Needed, bloodhounds

K.P. Sashidharan | Updated on January 21, 2011 Published on January 21, 2011

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KP Shashidharan.JPG0

Section 45 of the Indian Evidence Act needs to be amended to enable legislation that specifies criteria, principles or guidelines in clear terms in regard to admissibility of scientific testimony and expert's opinion in Indian courts.

In ancient India, Kautilya demystified fraud, decoding its DNA by explaining forty ways of embezzlements. In the world of crimes, Sherlock Holmes walked in as the most competent first bloodhound forensic expert.

Unlike the conventional financial auditor, the forensic auditor is not expected to be a simple watchdog of bookkeeping; instead, he must be a rigorously trained, no-nonsense branded bloodhound.

He must be sceptical, not influenced by any preconceived notions; open wide his eyes, ears and nose, sniffing out for something fishy with his well-developed financial sixth sense.

He cannot be a typical accountant, gets captivated by the beauty of the arithmetically tallying finesse of the accounting entries; instead he must profess looking beyond the numbers for red flags, striving hard to hound for conclusive evidences to unearth frauds.

Forensic accountant

Forensic Accountant combines expertise in accounting, auditing, investigation, computer skills, familiarity in using computer-aided techniques, internal and external controls, risk assessment, business practices, and law enforcing system to investigate white-collar crimes.

He is an investigative auditor, specialised in adducing expert evidence suitable for use in a court of law for settlement of disputes by litigation.

Many of them need to work in close collaboration with law enforcement personnel and lawyers during investigations and appear before the court as expert witnesses during trials.

Some of them specialise in insurance claims, personal injury claims, fraud, construction or royalty audits, marital disputes and even tracking terrorism and links to money laundering. They help answering the how, where, what, why and who of a fraud, applying modern computer-aided technological methodologies to establish anomalies leading to economic offences, in a court of law.


In the wake of corporate governance failures and fraudulent financial deals eroding public trust, credibility of the system and investor confidence, forensic accounting has emerged as a sunrise area of accountancy discipline.

Demand for forensic accountants and auditors has been increasing internationally since the the 9/11 terrorist attacks in the US, followed by innumerable scams, bankruptcies and global meltdown.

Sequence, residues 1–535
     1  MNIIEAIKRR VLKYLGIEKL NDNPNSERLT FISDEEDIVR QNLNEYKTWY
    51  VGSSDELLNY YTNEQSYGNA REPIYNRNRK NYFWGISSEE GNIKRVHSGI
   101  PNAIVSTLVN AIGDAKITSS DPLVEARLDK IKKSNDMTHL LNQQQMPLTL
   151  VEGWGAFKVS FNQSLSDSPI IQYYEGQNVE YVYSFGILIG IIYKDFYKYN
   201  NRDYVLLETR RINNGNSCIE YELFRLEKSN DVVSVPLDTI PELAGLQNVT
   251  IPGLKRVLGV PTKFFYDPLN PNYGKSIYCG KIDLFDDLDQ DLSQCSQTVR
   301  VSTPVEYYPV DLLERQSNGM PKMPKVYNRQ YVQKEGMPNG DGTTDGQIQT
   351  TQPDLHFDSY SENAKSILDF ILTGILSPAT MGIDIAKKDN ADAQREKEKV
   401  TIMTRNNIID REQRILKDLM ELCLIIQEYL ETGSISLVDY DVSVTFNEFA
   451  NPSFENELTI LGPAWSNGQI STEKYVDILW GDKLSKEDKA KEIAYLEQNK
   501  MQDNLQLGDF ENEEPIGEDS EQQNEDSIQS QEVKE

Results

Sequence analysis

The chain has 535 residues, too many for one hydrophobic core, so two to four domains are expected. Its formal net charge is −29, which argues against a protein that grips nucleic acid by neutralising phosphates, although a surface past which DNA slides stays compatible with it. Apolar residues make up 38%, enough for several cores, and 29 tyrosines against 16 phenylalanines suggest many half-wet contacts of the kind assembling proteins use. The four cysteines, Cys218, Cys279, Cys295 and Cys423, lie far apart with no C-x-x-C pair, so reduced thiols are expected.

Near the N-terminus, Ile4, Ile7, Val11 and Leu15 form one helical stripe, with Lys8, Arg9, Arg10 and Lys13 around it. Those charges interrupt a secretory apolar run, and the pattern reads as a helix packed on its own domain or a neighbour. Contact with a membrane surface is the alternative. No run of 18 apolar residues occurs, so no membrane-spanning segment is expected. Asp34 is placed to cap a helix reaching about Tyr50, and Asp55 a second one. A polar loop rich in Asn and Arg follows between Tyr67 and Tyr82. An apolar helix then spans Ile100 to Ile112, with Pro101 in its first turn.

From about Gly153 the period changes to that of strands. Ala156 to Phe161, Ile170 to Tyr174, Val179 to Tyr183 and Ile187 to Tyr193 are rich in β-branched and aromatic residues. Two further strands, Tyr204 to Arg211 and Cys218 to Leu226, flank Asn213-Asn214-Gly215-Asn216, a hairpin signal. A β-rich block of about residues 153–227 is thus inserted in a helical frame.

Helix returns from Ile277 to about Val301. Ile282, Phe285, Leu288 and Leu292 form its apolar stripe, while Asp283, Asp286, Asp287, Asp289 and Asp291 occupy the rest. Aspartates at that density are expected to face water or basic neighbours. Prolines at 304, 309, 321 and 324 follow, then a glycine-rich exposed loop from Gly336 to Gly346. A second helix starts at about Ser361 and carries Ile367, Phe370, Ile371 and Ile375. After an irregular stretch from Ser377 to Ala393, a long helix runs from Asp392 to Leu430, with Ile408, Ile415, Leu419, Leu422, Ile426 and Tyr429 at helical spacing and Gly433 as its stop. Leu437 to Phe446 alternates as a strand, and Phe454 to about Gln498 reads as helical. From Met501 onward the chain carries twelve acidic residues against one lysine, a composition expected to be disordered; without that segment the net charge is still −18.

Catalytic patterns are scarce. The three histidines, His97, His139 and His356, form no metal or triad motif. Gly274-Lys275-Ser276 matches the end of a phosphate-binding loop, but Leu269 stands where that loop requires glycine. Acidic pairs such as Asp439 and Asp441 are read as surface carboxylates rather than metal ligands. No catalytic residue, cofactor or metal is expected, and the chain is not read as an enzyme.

In India also, there has been a plethora of stock market scams, economic crimes, money laundering, banking scandals, failure of non-banking financial companies and the phenomenon of vanishing companies and plantation companies, cyber frauds, BPO frauds and varied kinds of corruption.

However, the conviction rate in economic offences is very low due to ineffective law enforcement, primarily caused by weak litigation support in prosecution process. In the absence of accounting expertise, prosecutors often fail to provide strong evidence to put the fraudsters behind the bars. Need for experts, competent to handle timely, proper investigation of complex financial manipulations and unearth the modus operandi and thereby help prosecute fraudsters, has been multiplying.

The objectives are crystal-clear detection, effective investigation and follow-up, prevention and deterrence of frauds and white-collar crimes. The Government of India has therefore established the Serious Fraud Investigation Office (SFIO), under the Ministry of Corporate Affairs.

Special audit

Sections 235 and 237of the Companies Act, 1956 empower the Central government to direct special audit to investigate the affairs of a company and to launch prosecution for violation of the provisions

The books of accounts and other documents can be inspected by the officers of the Directorate of Inspection and the Registrars of Companies. Section 424(5) of the Act empowers the National Company Law Tribunal to examine whether the company is a sick industrial unit.

SEBI Act, 1992 enables the government to control unfair trading activities of the wheeler-dealers in volatile stock markets.

Regulation 11 C of the SEBI Act, 1992 empowers it to direct any person to investigate the affairs of the intermediaries or brokers associated with illegal transactions in securities market. The Insurance Act, 1938 vide Section 33 empowers IRDA to direct to investigate the affairs of any insurer.

Section 3 of the Prevention of Money-Laundering Act, 2002 defines the offence of money laundering as involvement of a person in any process or activity connected with the proceeds of crime and projecting it as untainted property.

The Companies (Auditor's Report) Order, 2003 requires the auditor to report to the effect that if a substantial part of fixed assets have been disposed off during the year, whether it has affected the going concern status.

Accounting Standard 24 (Discontinuing Operations) and Auditing and Assurance Standard 16 (Going Concern) require the auditor to report fraud

Engagement of Forensic Accountants in investigation of frauds may not only facilitate prompt settlement of the cases to its logical end, but also help curbincreasing incidence of white-collar crimes.

At present, there is no specific legislation specifying criteria, principles or guidelines in clear terms in regard to admissibility of scientific testimony and expert's opinion in Indian courts. This may require appropriate amendment to Section 45 of the Indian Evidence Act.

Published on January 21, 2011
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